A bill to better protect medical marijuana collectives and cooperatives passed the California Senate yesterday, Senate President pro Tem Darrell Steinberg's office reports.
According to the bill's analysis, SB 439 clarifies that a cooperative, collective or other business entity that operates within the Attorney General's "Guidelines for the Security and Non-Diversion of Marijuana Grown for Medical Use" will not be subject to prosecution for marijuana possession or commerce, as specified.
The bill stems from the fact that law enforcement in medical marijuana-unfriendly counties have been arresting medical pot growers, and raiding collectives and dispensaries, arguing that all collective sales are illegal. SB 439 makes it abundantly clear that collective sales as well as storefronts are legal.
You know who could use some medical marijuana education? The San Francisco peninsula, where it's seemingly nothing but dispensary bans from the San Francisco border to San Jose. That's just cruel.
To that end, your humble, ever-faithful Legalization Nation editor is scheduled to speak Saturday, May 18 at 4:40 p.m. in Burlingame, CA. at the International Cannabis and Hemp Expo.
California forces thousands of teens convicted of minor marijuana offenses into "drug rehabilitation", but who are the drug counselors?
Sometimes pedophiles and thieves, according to a California State Senate investigation showing a deplorable lack of oversight of the drug rehab industry.
"California does not require a criminal background check for drug and alcohol counselors, nor does it ask applicants to report their criminal histories, according to the report, which found that at least 23 sex offenders have been permitted to work as counselors since 2005," the L.A. Times reports.
"What happens when we take the polarizing issue of cannabis consumptions and frame it as if it was a classy winetasting session? Become a pot afficionado," writes @kyleykim, Global Post's Deputy Social Media and News Desk Editor. Click to enlarge the image below. (via Reddit)
A Michigan lawmaker wants to pass a bill to limit police use of children in drug stings to children ages 13 and up, after Michigan narcs used a 14 year-old boy and a 13-year-old boy to set up a 36-year-old parolee. The father of the 14-year-old has filed a complaint with the Michigan Attorney General’s Office. “To me, it was absolutely ridiculous to think that this was OK,” the father told the Detroit Free Press. “If this guy ever gets out of prison, the repercussions could be huge.”
Colorado became the first U.S. state to regulate and tax sales of recreational marijuana yesterday, the Denver Post reports. Legislators levied a 15 percent excise tax, and a 10 percent sales tax on cannabis in order to pay for enforcing regulations like capping marijuana sales to Colorado visitors at a quarter of an ounce, a six-plant limit on pot gardens, mandatory child-resistant packaging, potency information and serving-size limits for edible marijuana. How grown-up!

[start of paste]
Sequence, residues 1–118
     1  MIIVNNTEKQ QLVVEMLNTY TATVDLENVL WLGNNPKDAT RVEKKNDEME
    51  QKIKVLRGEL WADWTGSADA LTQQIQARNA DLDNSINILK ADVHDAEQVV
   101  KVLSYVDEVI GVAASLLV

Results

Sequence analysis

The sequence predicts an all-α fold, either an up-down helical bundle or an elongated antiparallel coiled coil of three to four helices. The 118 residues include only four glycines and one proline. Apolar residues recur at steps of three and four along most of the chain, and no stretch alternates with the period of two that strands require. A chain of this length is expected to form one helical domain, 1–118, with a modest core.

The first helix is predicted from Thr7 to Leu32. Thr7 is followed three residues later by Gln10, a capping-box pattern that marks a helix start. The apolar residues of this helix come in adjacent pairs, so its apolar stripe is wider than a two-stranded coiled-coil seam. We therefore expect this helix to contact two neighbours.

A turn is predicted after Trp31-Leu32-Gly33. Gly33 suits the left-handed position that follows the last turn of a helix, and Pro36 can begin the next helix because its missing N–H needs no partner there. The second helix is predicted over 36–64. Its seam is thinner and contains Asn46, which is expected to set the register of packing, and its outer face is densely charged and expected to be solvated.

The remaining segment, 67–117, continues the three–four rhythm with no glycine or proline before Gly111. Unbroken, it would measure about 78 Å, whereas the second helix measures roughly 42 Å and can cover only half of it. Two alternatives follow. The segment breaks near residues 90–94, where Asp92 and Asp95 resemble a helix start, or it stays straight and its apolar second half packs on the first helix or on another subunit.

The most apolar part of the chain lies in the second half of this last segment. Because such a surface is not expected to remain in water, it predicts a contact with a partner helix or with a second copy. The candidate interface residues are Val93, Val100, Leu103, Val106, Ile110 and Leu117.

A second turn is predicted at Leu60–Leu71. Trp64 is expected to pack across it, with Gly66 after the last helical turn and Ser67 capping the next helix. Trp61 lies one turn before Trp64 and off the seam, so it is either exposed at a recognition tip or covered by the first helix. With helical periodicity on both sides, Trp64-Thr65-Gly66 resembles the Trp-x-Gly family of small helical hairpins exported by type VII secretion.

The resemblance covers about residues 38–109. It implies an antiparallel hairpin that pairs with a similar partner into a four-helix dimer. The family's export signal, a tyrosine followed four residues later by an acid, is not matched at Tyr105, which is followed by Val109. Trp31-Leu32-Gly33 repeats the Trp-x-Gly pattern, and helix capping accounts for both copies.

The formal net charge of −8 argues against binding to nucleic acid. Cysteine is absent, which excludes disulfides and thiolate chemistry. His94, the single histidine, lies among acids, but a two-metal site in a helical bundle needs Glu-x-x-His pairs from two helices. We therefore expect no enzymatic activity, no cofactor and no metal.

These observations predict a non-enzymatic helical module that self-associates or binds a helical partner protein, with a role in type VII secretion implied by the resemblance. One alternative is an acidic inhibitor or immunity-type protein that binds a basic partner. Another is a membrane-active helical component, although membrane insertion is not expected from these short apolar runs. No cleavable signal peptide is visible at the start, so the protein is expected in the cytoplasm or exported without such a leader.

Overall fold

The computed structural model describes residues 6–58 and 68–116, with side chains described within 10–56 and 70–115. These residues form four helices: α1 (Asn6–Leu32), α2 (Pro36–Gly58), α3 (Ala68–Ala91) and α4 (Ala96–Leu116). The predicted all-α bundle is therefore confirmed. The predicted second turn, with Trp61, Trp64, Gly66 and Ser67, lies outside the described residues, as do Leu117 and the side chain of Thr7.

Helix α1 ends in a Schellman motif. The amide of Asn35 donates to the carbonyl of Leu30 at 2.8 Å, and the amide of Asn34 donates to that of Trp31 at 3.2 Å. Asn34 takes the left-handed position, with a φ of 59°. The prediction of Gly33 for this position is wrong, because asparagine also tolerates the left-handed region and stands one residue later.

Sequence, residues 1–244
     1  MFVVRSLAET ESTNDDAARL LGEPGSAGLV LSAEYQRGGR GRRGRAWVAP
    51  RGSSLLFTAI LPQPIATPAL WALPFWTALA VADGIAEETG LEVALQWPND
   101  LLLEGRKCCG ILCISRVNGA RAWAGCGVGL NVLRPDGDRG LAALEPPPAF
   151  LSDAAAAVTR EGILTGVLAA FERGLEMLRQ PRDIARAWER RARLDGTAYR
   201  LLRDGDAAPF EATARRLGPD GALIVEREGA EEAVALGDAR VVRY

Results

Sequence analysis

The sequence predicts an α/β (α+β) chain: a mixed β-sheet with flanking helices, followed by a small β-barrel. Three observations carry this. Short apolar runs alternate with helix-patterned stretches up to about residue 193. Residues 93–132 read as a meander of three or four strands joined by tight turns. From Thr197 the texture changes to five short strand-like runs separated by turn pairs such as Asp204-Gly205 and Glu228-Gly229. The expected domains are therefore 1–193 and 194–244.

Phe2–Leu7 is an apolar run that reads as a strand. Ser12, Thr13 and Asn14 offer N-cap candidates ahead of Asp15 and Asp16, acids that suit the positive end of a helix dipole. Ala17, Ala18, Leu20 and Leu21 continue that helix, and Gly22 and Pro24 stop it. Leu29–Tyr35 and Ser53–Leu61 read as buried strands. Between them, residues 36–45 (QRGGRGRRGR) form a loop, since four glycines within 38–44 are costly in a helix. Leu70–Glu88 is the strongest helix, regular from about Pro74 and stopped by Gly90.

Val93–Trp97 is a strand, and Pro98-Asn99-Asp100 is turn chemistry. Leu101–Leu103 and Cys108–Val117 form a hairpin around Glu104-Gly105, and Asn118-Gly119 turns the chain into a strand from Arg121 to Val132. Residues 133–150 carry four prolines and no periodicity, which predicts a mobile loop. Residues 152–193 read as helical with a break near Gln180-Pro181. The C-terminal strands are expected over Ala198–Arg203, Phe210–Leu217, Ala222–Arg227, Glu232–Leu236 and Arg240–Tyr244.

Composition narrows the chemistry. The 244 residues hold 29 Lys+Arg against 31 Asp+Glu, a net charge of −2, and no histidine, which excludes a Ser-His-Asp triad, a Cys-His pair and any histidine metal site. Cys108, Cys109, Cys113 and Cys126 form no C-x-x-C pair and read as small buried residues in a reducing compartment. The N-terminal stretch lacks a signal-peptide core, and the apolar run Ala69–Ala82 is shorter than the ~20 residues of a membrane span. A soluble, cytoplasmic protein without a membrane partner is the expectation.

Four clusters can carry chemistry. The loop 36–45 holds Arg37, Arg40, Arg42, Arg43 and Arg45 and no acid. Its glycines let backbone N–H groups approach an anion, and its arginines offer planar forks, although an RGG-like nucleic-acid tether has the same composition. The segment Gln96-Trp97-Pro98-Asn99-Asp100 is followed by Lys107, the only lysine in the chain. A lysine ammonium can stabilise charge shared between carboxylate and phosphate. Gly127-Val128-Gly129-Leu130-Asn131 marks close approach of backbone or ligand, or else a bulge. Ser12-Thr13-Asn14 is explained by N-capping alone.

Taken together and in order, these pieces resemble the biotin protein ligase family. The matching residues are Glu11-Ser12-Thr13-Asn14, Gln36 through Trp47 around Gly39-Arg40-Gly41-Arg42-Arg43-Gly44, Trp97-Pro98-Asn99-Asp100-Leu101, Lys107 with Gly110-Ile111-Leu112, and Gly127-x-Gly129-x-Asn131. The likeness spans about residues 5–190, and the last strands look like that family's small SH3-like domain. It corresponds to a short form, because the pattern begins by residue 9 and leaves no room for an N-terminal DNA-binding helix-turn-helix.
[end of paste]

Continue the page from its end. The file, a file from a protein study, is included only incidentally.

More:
Berkeley Mayor Tom Bates took local U.S. Attorney (and rumored Berkeley resident) Melinda Haag to task Wednesday for harassing Berkeley Patients Group. The popular, permitted medical cannabis dispensary in Berkeley faces federal forfeiture efforts from Haag yet again, leading to a press conference yesterday where town leaders defended the Better Business Bureau member and ripped on the U.S. Attorney.
Popular Berkeley medical cannabis dispensary Berkeley Patients Group is being targeted again by the federal government, reports state. The US Attorney is attempting to seize BPG's new location at 2366 San Pablo Avenue. BPG had re-opened in the location after the feds forced the club from its home at 2477 San Pablo in 2012 on the grounds that it was too close to a school. This time, however, the landlord and the dispensary seem ready to fight federal action, arguing that the new location is nowhere near any school.
The California Supreme Court upheld the right of cities and counties to ban medical cannabis dispensaries today in a unanimous decision with major ramifications for the state.
"We granted review. We now conclude the Court of Appeal‘s judgment must be affirmed," Justice Marvin Baxter wrote for the Court.
Cities like San Francisco, Oakland, and West Hollywood that have regulated medical marijuana collectives operating in storefronts — i.e., dispensaries — won't be affected, but the decision buttresses the bans of dozens of cities and counties like Riverside and Walnut Creek. And the decision will become a huge factor in cities and counties still on the fence about dispensary bans, as well as in the legislature, where efforts are afoot to regulate the state's estimated $1.3 billion medical cannabis industry.
US judges should and could immediately end the War on Drugs, because institutional racism creates unequal protections for whites compared to minorities, researchers say. “We think that it is not possible for the State of California to justify the scheme of total marijuana prohibition, because the racism behind marijuana prohibition in the early 1900s is patent, beyond the pale, and totally indefensible, and also because the data analysis presented here on arrests for marijuana offenses shows a disparate impact with regard to the arrests of Blacks and Hispanics,” wrote Florida Atlantic University assistant professor Mirya Holman and Kennesaw State University professor Kenneth Michael White in their paper 'Marijuana Prohibition in California: Racial Prejudice and Selective Arrests' (subscription), published in the academic journal Race, Gender and Class.